Becoming “Amply Supplied with Very Good Shoes”

Winters for the Continental Army soldiers were brutal.  Although fighting usually ceased and the troops took up winter quarters, there was no break from military life.  In addition to freezing temperatures and food shortages, troops were plagued by inadequate uniforms, and especially a lack of decent shoes.  In December 1777, Brigadier General William Smallwood had an idea. He wrote to George Washington, lamenting how “the march of the troops…through the frosty roads, has cut out their shoes, and by being barefoot they are rendered unfit for duty.”  [1]

washington and troops at valley forge

The March to Valley Forge by William Trego, 1883 (Museum of the American Revolution).  The Continental Army arriving in Valley Forge in late 1777 wearing shoes and uniforms that had deteriorated because of harsh marching conditions.  

Maryland military leaders started making pleas for shoes as early as October 1776.  Purchasing shoes on the open market was not a perfect solution.  Shoes were very expensive, typically costing around $20, but sometimes as high as $50 per pair. Because of the war, demand for shoes increased, along with the prices.  Instead of purchasing them, Smallwood established a shoe factory in Newark, Delaware, not far from the Marylanders’ winter camp at Wilmington.  He requested “shoemakers and soldiers who are now…employed as guards, waiters, tradesmen or waggoners” to work at the factory.  [2]

One of the men sent to work at the factory was Private Clement Barber, a member of the famed Maryland 400.  Barber was one of the approximately thirty soldiers in the shoe factory.  Although some men were chosen because of their shoe-making skills, Smallwood called the others “mostly…[the] sorriest men” who were already doing the lowest tier of work in the army.  It is likely if these soldiers were able to fight, they would not have been making shoes. [3]


A typical pair of soldier’s shoes

Shoes in this time period were made straight and could be worn on either foot. Soldiers could switch which foot each shoe was worn on, allowing the shoes to wear evenly and last longer. They were made from leather which was cut into the proper shape using molds.  After the leather was sewn together, it was placed on top of another mold and the soles and heels were attached.  They were then dressed and waxed with a mixture of beeswax, bear grease, soot and lard. [4]

In January 1779, Smallwood wrote again to Washington requesting that he appoint an officer to “keep the men employed in the shoe factory at Newark in order.”  No matter what Smallwood or Washington thought of the men from the shoe factory, the troops were becoming “amply supplied with very good shoes” because of the factory. [5]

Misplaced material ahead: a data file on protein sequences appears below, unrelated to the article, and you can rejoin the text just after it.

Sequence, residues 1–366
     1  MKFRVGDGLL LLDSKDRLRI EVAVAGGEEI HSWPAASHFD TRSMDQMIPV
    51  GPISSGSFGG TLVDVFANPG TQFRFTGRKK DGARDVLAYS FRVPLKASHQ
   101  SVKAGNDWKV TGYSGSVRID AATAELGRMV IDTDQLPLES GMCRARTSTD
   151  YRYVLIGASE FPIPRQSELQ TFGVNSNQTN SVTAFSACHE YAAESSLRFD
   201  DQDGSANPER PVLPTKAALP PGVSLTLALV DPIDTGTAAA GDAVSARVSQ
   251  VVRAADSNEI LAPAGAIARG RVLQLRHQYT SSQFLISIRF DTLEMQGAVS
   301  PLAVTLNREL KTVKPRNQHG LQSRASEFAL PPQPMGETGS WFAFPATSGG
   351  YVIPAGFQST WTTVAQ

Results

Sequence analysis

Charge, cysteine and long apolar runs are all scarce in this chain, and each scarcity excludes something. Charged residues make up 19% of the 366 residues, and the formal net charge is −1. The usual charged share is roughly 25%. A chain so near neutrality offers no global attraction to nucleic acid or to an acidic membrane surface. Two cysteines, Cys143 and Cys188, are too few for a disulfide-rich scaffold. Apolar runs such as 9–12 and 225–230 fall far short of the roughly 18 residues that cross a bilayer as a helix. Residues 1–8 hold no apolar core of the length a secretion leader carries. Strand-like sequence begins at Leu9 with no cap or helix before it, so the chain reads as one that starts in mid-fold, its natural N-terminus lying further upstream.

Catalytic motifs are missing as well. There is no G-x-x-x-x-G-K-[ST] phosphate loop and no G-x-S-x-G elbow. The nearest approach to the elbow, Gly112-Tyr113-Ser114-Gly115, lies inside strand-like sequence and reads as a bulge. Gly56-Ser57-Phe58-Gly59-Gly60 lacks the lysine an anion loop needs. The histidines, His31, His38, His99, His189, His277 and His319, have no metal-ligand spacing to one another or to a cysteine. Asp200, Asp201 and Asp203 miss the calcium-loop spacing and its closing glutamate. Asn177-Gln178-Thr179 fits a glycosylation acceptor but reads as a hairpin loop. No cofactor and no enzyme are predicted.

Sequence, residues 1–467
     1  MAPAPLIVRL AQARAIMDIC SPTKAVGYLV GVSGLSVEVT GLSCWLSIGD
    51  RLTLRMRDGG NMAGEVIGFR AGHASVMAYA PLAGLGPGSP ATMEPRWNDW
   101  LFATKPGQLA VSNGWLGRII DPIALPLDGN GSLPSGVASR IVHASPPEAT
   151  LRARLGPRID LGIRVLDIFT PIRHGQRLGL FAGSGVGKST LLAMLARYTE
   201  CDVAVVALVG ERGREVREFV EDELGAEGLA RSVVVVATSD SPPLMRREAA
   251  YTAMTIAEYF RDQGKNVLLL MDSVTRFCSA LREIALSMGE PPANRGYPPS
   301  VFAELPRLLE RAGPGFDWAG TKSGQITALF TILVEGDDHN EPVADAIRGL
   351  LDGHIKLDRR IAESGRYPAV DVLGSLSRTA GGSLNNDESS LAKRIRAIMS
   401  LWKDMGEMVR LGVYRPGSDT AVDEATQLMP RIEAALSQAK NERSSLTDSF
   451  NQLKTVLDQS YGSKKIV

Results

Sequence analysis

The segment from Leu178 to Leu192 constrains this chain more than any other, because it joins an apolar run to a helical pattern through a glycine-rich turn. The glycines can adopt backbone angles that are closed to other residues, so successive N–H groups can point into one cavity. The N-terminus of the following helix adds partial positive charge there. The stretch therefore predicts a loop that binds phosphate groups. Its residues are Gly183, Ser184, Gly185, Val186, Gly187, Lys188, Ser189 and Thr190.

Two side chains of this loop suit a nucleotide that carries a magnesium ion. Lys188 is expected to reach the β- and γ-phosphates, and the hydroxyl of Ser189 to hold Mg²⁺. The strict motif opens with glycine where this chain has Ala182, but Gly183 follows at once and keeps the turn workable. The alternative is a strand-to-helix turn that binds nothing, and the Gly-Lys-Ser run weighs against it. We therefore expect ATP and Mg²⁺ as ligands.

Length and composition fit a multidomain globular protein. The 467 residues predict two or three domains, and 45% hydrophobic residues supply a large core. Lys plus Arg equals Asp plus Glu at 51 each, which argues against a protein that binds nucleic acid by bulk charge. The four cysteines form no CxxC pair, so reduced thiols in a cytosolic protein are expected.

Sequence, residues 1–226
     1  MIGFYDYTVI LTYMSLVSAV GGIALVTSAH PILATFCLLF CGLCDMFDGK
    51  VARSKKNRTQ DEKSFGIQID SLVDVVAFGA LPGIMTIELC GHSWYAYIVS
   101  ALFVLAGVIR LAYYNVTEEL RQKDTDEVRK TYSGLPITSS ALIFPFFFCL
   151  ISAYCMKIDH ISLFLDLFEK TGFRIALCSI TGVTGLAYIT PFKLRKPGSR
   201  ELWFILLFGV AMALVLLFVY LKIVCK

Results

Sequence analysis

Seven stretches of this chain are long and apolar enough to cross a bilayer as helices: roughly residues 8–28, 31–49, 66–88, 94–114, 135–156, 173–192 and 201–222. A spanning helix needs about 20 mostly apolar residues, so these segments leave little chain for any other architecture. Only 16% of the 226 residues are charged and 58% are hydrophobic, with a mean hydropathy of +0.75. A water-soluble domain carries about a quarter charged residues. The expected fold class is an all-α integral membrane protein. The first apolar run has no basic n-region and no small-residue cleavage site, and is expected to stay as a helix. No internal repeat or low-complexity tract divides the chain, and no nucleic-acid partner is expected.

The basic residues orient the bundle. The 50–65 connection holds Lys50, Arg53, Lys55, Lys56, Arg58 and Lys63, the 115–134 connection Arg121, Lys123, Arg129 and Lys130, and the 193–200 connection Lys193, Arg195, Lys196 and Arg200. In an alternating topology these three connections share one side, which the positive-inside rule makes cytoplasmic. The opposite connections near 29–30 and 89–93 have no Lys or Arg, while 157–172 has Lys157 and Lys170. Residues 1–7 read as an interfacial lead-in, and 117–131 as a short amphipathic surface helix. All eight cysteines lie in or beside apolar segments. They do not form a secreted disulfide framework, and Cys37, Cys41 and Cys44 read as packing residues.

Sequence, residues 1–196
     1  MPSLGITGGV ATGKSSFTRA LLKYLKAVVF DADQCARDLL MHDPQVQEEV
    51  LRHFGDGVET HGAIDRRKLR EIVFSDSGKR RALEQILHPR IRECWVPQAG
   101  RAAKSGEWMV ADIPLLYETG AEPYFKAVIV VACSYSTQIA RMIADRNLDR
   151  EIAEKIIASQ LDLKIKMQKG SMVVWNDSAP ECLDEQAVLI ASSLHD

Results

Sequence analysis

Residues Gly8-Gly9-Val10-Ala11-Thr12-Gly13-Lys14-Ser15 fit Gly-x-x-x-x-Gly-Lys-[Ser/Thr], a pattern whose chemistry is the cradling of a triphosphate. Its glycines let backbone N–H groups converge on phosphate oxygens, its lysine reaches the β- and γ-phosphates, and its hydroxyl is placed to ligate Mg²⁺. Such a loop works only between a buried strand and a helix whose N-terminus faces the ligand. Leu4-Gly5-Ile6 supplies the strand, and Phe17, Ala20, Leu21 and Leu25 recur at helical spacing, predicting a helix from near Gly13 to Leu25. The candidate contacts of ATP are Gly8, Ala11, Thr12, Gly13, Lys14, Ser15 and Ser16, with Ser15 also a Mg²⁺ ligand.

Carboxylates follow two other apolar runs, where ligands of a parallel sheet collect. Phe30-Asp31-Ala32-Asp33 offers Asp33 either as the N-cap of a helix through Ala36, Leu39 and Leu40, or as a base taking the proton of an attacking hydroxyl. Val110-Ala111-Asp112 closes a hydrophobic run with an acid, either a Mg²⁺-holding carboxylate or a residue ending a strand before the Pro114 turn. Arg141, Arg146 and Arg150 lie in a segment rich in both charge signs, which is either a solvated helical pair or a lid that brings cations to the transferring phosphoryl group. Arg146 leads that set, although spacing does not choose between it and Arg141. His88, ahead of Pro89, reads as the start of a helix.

The shoe factory at Newark lasted until at least 1779.  Because the soldiers were marching almost constantly, their shoes wore out very quickly.  Therefore, supplying the army with shoes remained a challenge through the end of the war.

-Natalie Miller, Maryland Society Sons of the American Revolution Research Fellow, 2017


[1] “Brigadier General William Smallwood To George Washington, 28 December 1777,” Founders Online, National Archives.

[2] “Brigadier General William Smallwood To George Washington, 28 December 1777,” Founders Online, National Archives.

[3]  “Brigadier General William Smallwood To George Washington, 7 January 1779,” Founders Online, National Archives.

[4] Harry Schenawolf, “Cordwainers & Cobblers in Colonial America,” Revolutionary War Journal, 8 March 2016; “Uniforms of the American Revolution,” Boston Tea Party Ships and Museum, 30 October 2017.

[5] “Brigadier General William Smallwood To George Washington, 1 January 1779.”  Founders Online, National Archives.


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2 Responses to Becoming “Amply Supplied with Very Good Shoes”

  1. John Van de Kamp says:

    Thanks Natalie. Where did the leather, thread, etc come from. With a high demand for shoes, it must have been difficult to find reliable sources. These articles are great!


    • Hi John. Thanks for reading and leaving a comment! They bought supplies for the shoes from local vendors. The Maryland Council of Safety records includes some letters referencing this. For example, Nicholas Maccubbin wrote to the Council in February 1777 asking for permission to go to Baltimore in search for leather to use for shoes.


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